Wednesday, October 30, 2013

Remembering the Charlotte Hornets 25 years later: The Name Game

This upcoming Monday will mark the 25th anniversary of the Charlotte Hornets first game back on November 4, 1988, and we are looking back at some of the important and interesting milestones from the franchise's birth.  In the first chapter, we talked about how George Shinn went from being a janitor at a business school, to making millions as owner of Rutledge Education Systems, and to assembling a group of investors in a quest to bring an NBA team to Charlotte, and in part 2, we talked about how his speech to the NBA Board of Governors led up to the phone call from commissioner David Stern back in 1987.

Today, we'll discuss about how one name didn't warm up to those of us that were growing up here during that time, and how Shinn wanted to give the fans what the wanted to look for in a name for an NBA franchise.


What's in a Name?

"Lakers", "Yankees", "Cowboys", "Celtics", those are some of the legendary nicknames that we have come to known as sports fans, but here in Charlotte, it was a tale of 2 nicknames, one that was somewhat a bad decision, while the other would be all about a connection to our city's history.  Shortly after the NBA awarded Charlotte an expansion franchise, George Shinn and his group already selected a name for the new expansion team, called the Charlotte "Spirit"?  When that was first announced, some of the fans said "What kind of nickname was that?"  Well, according to legend, Shinn wanted to choose the name "Spirit" as a reflection of the city and it's people, and many said that the choice for the name wasn't pretty, but it was part of a marketing campaign the Charlotte group had in 1986 titled "Bring the NBA to basketball country."  After Shinn realized that the "Spirit" name wasn't taking off, he would give the fans what they want the Charlotte team to be called in something he would call "Spirited Voting".  So he enlisted the help of The Charlotte Observer for a "Name-the-Team" contest, and after thousands of Observer readers sent in their suggestions for their team name, it was pretty obvious that they wanted a name that can reflect the city's history and heritage, and in the end, they chose "Hornets" as the nickname for the team.

The meaning of the Hornets nickname

When Shinn announced that the team would be known as the Charlotte Hornets, it would take a lot of hard work dig up a lot of history of the team name, as well as the historic significance to the city itself.  The origins of the "Hornets" name trace to the Revolutionary War, and one of those battles that occurred was the Battle of the Bees, which occurred on October 3, 1780. In that battle, an estimated 450 British troops were attempting to load up on some supplies from McIntyre's Farm in the Northeast end of Mecklenburg County, but they were met by a group of 14 American patriots after the British Redcoats turned over several hornets nests, causing the British soldiers to elude from them, and along the way, the hidden American patriots saw their chance to strike and open fire, causing the British to retreat in the hopes that they were under attack from a significantly larger force.  After British general Charles Cornwallis left Charlotte on October 12, 1780, he would go on to say that Charlotte was "A veritable hornet's nest of rebellion."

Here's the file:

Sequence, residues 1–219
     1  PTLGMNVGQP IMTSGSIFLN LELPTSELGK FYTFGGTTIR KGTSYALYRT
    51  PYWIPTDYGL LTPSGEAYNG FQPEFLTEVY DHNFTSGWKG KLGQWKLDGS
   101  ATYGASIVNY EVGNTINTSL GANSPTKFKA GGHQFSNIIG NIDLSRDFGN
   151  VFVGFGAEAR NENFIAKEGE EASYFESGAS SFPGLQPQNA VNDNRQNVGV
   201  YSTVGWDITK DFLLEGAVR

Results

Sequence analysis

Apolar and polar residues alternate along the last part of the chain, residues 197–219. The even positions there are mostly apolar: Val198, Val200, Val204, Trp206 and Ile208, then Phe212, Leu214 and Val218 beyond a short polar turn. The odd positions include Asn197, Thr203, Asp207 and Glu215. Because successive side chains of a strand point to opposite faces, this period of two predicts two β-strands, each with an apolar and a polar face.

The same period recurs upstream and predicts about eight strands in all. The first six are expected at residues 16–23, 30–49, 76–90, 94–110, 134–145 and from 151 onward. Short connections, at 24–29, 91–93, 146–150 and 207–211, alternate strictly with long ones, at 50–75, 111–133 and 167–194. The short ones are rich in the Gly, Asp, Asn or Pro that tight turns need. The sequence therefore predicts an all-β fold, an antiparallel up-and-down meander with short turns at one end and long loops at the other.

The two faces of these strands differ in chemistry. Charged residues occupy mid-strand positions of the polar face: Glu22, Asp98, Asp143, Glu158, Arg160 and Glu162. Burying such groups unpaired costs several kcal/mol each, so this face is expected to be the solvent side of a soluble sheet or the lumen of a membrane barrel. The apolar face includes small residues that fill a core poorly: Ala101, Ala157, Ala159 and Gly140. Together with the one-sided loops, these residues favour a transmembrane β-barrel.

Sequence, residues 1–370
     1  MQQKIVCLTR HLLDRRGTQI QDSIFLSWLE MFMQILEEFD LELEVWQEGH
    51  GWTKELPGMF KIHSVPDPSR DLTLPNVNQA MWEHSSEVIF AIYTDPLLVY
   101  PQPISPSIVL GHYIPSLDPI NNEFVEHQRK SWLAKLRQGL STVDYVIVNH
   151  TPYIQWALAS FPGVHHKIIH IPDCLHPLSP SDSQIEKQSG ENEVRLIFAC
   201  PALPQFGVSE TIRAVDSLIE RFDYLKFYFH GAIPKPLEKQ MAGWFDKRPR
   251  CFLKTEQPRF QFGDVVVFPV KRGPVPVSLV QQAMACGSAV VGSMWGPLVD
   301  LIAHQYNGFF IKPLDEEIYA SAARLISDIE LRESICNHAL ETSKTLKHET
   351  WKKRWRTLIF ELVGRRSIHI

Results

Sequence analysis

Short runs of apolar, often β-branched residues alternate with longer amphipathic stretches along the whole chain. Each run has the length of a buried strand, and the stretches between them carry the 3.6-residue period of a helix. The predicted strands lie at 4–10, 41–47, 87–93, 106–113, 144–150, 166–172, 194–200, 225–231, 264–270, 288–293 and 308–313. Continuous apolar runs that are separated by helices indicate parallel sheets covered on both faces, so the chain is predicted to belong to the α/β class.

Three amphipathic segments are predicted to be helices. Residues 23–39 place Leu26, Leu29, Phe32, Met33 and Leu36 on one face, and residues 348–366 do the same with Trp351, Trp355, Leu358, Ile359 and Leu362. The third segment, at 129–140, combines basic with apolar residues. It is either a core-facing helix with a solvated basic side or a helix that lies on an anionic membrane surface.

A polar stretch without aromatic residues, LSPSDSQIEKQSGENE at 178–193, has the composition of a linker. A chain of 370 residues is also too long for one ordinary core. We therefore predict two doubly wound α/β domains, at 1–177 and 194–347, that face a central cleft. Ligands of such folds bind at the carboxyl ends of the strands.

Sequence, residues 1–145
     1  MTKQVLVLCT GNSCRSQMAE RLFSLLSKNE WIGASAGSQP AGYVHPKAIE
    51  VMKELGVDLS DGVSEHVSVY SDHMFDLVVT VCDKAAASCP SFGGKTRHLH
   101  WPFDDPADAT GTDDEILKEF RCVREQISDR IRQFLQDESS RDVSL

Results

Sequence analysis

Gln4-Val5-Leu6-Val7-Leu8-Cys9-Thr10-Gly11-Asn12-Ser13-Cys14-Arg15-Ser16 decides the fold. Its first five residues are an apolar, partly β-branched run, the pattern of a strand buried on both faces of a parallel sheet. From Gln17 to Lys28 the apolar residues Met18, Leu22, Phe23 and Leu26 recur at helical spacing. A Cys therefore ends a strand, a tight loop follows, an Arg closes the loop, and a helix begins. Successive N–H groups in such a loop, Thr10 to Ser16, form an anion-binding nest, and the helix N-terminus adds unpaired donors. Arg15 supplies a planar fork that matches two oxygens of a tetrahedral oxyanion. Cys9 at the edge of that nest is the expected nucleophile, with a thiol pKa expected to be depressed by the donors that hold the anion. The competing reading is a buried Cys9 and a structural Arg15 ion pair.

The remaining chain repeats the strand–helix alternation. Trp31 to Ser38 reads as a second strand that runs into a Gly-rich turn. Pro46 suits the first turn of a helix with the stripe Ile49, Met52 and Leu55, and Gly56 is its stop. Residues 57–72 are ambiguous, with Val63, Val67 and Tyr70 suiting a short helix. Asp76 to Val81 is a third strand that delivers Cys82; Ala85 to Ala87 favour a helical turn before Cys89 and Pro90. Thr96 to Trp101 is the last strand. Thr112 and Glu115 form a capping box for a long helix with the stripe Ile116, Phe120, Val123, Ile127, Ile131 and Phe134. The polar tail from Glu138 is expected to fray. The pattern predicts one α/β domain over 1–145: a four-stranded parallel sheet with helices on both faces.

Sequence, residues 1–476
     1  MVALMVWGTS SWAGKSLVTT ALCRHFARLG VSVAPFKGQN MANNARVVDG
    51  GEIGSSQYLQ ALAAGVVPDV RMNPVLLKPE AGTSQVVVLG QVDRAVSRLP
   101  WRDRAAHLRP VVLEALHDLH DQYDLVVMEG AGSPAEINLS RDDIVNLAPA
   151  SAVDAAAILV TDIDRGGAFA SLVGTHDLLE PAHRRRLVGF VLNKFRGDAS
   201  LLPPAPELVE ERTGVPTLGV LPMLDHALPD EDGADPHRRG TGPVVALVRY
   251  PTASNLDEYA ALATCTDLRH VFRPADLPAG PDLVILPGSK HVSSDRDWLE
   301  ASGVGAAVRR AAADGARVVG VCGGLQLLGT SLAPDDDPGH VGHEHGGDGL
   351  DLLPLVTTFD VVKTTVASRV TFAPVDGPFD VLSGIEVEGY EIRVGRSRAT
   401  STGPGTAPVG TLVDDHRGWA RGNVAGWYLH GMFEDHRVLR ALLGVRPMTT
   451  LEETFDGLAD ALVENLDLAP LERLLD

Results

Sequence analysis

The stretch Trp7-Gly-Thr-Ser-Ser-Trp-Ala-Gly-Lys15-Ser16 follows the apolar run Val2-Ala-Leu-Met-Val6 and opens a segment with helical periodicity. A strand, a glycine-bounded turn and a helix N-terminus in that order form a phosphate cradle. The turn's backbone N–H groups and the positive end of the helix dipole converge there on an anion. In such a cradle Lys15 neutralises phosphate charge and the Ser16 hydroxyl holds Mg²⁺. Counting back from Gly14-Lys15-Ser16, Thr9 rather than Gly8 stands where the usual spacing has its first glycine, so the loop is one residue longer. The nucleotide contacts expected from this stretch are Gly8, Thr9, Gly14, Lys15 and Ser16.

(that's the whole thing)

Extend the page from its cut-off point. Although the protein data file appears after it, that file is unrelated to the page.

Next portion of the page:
The "Hornets" nickname was used by our city's minor-league baseball teams from 1901-73, and it was also the nickname of our city's short-lived World Football League franchise during the 1970's.  There was a lot of reasons why the "Hornets" nickname would be a good fit for the team, and they wanted to choose it to reflect the city's history, and I did a post about the history of the Hornets name back in July, when the city's current NBA team, the Charlotte Bobcats, was on the verge of reclaiming the Hornets name again, and you can read more about it here.

In our next installment of our series leading up to the 25th Anniversary of the Hornets first game, we'll talk about how Alexander Julian wanted to design the uniforms for some good-old fashioned North Carolina barbecue, and how the daughter of famed "Muppets" creator Jim Henson got into the act of designing and building a loveable mascot we would all fall in love with.

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